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  1. #1
    Join Date
    Jun 2014
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    Default Kitchen performance local vs. remote

    Hello all, I am running a job the reads a .txt file with 1.5 million records, performs several transformations, and writes records to various tables in PostgreSQL. My local machine has 8GB of memory and kitchen.bat contains PENTAHO_DI_JAVA_OPTIONS=-Xmx16384m. The job runs in 54 minutes. When I run the job remotely, on a Linux server with 16GB of memory, using kitchen.sh with JAVAMAXMEM="16384", the job runs in 4 hours and 42 minutes. All other things being equal, like network speed and access, I would expect the remote server to process the job in at most, the same amount of time as my local machine. What other configuration values can I check to determine where the bottleneck lies?

    Thank you in advance for your response.

  2. #2
    Join Date
    Jul 2009
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    I wouldn't set JAVAMAXMEM to the entire amount of memory on the machine, because other OS processes need memory, too, and you could be swapping a lot of pages between memory and disk, which will slow you way down.

    I can't tell from your post if your Postgres database is on the same or different box as PDI. If it's on the same box in dev (your PC) and on a different box in prod (the Linux server), then I would expect it to run more slowly in prod, particularly if you have steps that require round trips between the PDI server and the database server. You can mitigate the network latency by using caching in your lookup steps, inserting rows with the PostgreSQL Bulk Loader, and doing other things to minimize network round trips.

  3. #3
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    Jun 2014
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    Thanks for the response, Rob. I have tried changing the memory setting to various levels and 16GB offers the best response time. I am connecting to the same Postgres server from both environments (it is remote to both servers, but in the same domain as both), I am using the PostgreSQL Bulk Loader. Since the settings in the transforms are the same in both places, I would expect the processing time to be roughly the same. What other differences could exist which would account for a more than 4 times processing speed?

  4. #4
    Join Date
    Apr 2008
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    "call the job remotely"
    Care to expand on that a little?

    Are you copying the KJB/KTR to the remote linux box and running it via SSH and command line?
    Are you using carte and telling spoon to run it on the other machine?

    Why are you setting the memory in two different ways? Wouldn't it make more sense to set it the same way in both places?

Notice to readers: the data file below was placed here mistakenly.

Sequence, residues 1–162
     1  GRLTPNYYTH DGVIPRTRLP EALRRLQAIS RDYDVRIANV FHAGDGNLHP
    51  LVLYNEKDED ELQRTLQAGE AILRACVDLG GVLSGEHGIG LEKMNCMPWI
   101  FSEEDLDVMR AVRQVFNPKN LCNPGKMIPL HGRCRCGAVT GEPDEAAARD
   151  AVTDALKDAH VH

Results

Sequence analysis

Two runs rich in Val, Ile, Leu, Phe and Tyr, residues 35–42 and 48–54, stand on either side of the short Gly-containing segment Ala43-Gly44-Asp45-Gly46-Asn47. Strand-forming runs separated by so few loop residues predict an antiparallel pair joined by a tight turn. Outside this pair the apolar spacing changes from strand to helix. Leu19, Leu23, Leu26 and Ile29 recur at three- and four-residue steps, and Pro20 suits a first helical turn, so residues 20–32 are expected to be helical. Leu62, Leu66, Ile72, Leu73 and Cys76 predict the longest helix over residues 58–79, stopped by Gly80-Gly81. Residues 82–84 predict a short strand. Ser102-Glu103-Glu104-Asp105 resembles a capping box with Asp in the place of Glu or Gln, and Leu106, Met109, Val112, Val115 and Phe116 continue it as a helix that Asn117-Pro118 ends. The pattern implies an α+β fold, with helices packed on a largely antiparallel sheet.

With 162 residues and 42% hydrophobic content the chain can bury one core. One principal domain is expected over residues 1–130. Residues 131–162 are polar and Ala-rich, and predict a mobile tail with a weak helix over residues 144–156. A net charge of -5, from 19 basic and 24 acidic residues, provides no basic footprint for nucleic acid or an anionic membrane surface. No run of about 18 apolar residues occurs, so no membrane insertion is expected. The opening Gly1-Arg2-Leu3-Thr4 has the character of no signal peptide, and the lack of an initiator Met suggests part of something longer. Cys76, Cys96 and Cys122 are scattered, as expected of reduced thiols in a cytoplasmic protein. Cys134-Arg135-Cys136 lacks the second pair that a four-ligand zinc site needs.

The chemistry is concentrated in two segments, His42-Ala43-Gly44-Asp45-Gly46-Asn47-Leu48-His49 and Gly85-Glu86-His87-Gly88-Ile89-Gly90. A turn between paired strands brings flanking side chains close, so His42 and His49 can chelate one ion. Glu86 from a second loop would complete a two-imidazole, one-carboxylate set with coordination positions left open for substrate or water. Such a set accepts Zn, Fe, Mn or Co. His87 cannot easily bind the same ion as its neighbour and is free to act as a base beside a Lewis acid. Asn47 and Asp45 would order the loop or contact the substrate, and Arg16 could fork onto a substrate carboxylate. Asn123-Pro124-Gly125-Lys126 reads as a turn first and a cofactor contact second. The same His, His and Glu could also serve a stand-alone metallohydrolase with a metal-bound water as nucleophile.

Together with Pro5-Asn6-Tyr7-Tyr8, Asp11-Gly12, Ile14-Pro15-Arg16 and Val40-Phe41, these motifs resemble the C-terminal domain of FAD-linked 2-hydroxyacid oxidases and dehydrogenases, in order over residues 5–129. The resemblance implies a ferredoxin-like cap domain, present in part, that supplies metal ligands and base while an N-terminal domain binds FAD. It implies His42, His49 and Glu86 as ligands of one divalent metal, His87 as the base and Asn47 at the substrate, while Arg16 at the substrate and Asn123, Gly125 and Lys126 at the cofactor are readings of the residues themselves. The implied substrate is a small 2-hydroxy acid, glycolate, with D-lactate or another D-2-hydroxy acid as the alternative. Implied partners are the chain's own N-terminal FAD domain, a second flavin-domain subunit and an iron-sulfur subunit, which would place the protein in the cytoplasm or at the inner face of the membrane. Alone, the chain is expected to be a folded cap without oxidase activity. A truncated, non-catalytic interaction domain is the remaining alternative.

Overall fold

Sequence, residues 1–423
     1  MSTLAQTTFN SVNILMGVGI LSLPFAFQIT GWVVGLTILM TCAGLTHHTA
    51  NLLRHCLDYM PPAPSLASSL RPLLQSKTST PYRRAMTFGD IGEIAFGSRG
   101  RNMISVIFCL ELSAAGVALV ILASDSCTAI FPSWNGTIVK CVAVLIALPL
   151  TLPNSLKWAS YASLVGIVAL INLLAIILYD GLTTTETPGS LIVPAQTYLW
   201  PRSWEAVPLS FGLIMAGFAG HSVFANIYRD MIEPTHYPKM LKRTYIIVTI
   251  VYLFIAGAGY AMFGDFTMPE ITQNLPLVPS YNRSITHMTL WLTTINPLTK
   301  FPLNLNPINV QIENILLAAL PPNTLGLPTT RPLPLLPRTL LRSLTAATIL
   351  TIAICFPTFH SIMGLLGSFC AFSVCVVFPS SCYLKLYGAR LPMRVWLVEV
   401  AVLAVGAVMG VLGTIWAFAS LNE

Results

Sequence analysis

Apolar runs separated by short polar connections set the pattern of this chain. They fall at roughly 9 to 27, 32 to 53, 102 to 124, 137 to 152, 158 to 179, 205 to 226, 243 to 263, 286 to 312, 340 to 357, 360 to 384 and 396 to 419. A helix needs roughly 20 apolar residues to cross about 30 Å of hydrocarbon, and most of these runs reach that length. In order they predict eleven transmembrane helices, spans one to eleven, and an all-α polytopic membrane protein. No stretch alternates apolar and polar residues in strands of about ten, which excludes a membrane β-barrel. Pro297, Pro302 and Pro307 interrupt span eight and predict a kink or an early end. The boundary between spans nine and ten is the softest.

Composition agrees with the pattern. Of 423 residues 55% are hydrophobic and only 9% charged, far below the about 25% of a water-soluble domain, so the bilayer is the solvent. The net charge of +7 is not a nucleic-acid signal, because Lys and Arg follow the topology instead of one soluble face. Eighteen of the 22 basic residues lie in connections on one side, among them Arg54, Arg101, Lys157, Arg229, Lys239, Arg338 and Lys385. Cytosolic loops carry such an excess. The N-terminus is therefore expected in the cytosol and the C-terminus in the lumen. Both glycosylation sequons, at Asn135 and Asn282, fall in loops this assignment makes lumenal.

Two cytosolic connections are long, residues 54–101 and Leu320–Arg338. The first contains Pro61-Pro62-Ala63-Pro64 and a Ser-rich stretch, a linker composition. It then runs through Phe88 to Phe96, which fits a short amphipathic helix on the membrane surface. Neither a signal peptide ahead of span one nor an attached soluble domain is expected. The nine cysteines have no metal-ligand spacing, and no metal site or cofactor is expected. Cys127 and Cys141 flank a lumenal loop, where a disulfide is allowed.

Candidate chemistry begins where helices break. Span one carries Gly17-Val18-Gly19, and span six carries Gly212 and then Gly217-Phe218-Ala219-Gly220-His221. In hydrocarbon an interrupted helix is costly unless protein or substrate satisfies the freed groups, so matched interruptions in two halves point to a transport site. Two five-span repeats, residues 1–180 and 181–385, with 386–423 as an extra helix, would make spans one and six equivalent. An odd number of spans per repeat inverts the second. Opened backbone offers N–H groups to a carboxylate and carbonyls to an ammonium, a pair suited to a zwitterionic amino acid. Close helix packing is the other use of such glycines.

5. #5
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    Jun 2014
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    Yes, I am copying the job, transform, and data files from my local to the remote machine so they are all run as close as possible to the environment. I am running from the command line using kitchen. I have configured the kitchen.bat file on my local Windows machine and I am using the command kitchen.bat /file:"ETL.kjb" and the kitchen.sh file on the remote Linux machine using the command sh kitchen.sh -file="ETL.kjb"
    Last edited by tjumps; 10-06-2014 at 03:02 PM.

  6. #6
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    Apr 2008
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    So, if your transform has the file paths directly written in them (can't say for sure without the KJB/KTR), then it's possible that your server is trying to pull the data from your workstation. That would easily cause the 4x issue that you're seeing.

  7. #7
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    Jun 2014
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    I don't think that is the case because I am specifying the path to the file on the current machine. I didn't include that path for simplicity's sake, sorry for the confusion!

  8. #8
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    Generally, I've found Linux ETL to be faster, but again, without a complete picture, we're all shooting in the dark here.

  9. #9
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    Jul 2009
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    Here are a few troubleshooting ideas:

    * Ping the database server from both your PC and the Linux ETL server, and compare the reported round-trip times. Even if everything is in the same domain, there could be network hops and bottlenecks in between systems.
    * Look at "top" and/or "sar" on your Linux ETL server while it is running. Are you maxed out on CPU, or maybe I/O? Server hardware isn't always as fast as desktop hardware, particularly when the desktop is newer than the server.
    * Review the PDI job log file to see if one particular transformation is responsible for most of the job's slowdown, and focus on what that transformation is doing.

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